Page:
Monday, February 27, 2012

Our Two Gifts

On Sean's birthday, I like to think that today we gave him two gifts.  The first came from me.  Let me explain.  When the whole Hillary Clinton book came out about how it takes a village to raise a child I honestly thought it was a crock.  I still think the main influences on a child are their parents and was too much of a control freak to think that anyone else really made that much of a difference.  And then January 11, 2011 came along and that theory was blown out the window.  Half of my whole was gone.  And I truly began to realize that I need the people that are in my sons' lives.  I need their teachers, their Sunday School leaders, their Awana leaders, their friends, their friend's families to help me raise these children.  And that was really not more true than yesterday.  Logistically, my life can be a little difficult but thankfully I have really kind people nearby to help.  Hunter had a birthday party to go to and I arranged for John to go to his friend Mason's house.  Let me interrupt myself here.  Back story:  John would ride the Superman ride at Six Flags but would not get on his bike.  Literally.  He was terrified of the thing.  And I just knew in my heart it was time for him to get on it and ride.  I asked Grant, Mason's father to help me.  He was a good one to ask, I don't know too many more laid back people than him.  I brought John and the bike to his house during that birthday party and said, "Will you please teach my son how to ride his bike?"  Confession time: that was hard for me.  I felt like a little bit of a failure as a parent with this.  I felt like it was my responsibility to teach him but I knew that I just wasn't the one.  And that was all right.  So, I dropped him off and did what I do best - I cried halfway to the party.  Tears that I wouldn't see him learn, tears that Sean wouldn't be the one to teach him and, honestly, relief that I could pass that on to someone else. So, Sean's first gift was my acceptance that maybe I can't always be the be-all and end-all in my sons' lives (persish the thought).  But there will be people in their lives that will come alongside them and love them.  What a gift to their father.  

The second gift came from my John himself.  I got to Grant's house after the party and he said, "Yeah, he knows how to ride and he's doing a good job."  Just like that.  You know how your children will ultimately teach you more than you'll teach them?  Yeah.  I got that in spades.  John got on the bike, looked me straight in the eye and said, "Mama, I just didn't know how much fun it would be."  God, I love that little boy.  Talk about a life lesson right there.  How many times have we missed something because of fear and missed all that fun?  I know I have.  So, I think the gift John gave was his willingness to try (once his mother went away) and he did it.  John is living through the darkest days of his life and he triumphed.  He could have kicked and screamed and refused to even try.  Sean is watching that.  I can only imagine that he was cheering him on from above.  And I hope that we made him proud.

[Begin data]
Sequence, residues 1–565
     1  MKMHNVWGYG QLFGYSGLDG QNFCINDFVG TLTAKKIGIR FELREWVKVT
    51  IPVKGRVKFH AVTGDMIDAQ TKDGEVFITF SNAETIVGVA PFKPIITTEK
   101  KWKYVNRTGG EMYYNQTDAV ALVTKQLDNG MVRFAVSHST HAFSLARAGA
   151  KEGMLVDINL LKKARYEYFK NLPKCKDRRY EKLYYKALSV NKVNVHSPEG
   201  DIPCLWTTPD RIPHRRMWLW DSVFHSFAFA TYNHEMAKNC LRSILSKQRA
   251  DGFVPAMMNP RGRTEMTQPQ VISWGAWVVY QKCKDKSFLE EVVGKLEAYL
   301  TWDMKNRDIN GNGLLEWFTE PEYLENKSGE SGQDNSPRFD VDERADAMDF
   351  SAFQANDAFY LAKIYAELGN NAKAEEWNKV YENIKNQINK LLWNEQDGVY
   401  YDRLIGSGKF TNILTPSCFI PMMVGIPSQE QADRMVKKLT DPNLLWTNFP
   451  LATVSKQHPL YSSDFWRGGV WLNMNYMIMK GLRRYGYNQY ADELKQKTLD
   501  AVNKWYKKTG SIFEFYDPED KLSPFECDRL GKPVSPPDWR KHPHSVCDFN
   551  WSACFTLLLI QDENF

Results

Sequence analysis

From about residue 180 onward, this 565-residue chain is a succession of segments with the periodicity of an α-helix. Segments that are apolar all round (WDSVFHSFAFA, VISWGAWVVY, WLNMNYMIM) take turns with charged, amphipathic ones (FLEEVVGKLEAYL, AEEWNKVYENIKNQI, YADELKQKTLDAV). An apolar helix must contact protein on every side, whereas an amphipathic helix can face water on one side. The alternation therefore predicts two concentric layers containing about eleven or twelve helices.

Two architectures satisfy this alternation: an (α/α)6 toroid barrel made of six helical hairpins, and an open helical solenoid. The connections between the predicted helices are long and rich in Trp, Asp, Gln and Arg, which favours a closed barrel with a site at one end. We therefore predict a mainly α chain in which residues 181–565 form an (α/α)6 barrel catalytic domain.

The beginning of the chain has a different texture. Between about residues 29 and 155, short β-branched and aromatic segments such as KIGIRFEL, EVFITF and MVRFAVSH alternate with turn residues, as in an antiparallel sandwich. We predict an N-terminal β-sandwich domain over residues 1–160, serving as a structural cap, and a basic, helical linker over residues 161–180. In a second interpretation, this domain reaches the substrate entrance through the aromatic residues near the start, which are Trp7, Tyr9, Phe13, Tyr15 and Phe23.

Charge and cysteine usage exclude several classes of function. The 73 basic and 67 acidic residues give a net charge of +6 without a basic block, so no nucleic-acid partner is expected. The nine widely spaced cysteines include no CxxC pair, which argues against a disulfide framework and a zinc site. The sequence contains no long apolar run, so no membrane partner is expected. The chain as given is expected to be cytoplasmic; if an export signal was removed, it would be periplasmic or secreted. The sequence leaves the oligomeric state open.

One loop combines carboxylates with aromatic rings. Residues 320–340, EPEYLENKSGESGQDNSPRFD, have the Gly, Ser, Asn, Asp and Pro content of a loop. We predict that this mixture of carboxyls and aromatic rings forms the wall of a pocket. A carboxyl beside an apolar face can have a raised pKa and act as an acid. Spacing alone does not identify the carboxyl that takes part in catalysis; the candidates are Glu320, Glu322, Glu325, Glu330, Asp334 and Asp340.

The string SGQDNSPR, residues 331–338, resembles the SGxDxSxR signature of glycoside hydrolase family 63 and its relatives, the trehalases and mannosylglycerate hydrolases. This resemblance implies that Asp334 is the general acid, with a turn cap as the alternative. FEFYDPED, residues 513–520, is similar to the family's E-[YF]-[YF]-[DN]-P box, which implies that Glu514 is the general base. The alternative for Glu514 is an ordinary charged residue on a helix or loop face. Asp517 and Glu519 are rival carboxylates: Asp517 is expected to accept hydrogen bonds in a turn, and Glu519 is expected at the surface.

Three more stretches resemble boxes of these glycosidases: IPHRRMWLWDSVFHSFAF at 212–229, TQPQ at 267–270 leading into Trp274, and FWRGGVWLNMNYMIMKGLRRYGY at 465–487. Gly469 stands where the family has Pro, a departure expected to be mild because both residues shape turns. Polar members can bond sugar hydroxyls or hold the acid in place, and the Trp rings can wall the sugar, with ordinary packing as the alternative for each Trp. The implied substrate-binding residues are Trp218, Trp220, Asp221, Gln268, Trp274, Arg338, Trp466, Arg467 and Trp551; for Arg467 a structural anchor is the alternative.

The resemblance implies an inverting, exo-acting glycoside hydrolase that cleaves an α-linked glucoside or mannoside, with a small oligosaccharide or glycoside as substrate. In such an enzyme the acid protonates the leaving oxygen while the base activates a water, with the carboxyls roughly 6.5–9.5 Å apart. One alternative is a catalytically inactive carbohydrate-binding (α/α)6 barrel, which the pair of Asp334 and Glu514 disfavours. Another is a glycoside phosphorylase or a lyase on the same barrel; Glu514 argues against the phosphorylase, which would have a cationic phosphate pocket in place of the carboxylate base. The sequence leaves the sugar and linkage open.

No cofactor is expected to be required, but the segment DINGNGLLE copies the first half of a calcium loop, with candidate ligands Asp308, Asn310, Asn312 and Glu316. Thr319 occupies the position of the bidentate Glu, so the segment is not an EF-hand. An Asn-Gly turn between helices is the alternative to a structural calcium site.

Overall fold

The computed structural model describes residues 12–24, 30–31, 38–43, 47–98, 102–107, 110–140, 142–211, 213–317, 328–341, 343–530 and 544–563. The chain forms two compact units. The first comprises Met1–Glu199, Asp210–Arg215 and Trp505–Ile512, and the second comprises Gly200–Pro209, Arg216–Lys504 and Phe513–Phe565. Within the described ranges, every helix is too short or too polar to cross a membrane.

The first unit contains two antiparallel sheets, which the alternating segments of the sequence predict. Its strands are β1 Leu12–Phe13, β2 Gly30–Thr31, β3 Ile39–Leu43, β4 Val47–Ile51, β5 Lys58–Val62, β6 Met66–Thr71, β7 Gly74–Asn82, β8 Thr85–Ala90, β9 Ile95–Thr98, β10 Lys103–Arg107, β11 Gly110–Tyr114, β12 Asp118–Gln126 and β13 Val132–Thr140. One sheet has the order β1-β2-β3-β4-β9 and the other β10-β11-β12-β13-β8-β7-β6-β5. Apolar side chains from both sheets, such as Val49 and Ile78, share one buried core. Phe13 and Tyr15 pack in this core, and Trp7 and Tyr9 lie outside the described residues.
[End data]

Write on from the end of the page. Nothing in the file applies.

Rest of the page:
Sunday, February 26, 2012

Sean's Birthday

Tomorrow is Sean's birthday.  Tomorrow he would have been 49 years old.  And all I want to do in the quiet moments of today is cry. 

I got so many phone calls and cards on the anniversary of Sean's death and it made me heartsick.  Not the love that people showed, but that the darkest day of my life was given any attention at all.  The notice of the day gave weight to it.   I talked with a friend who has gone through a devastating loss this year too and when people asked her what she planned to do to commemorate the one-year loss of her daughter, she hit the nail on the head.  She said, "I'm going to try to forget the worst day of my life."  That's how I feel too.  I appreciated the love that people showed but I just hated being reminded of it so much.

But, his birthday.  That's a different story.  That's a day that should be remembered.  Sean was in a word magnificent.  He was the hardest working man I know, he was the kindest, most honest, forgiving, loving man to ever grace this planet.  I was so proud to be his wife and he loved me and our sons.  His birthday honestly always used to stress me endlessly.  He loved angel food cake, his favorite, and I struggled every year to make a good one for him.  He didn't have a lot of family so I felt a great responsibility to really show him how loved he was on his birthday.  I would give anything to have to make another one of those dreadful cakes.  And fret over not doing enough or worrying that I had gone way overboard.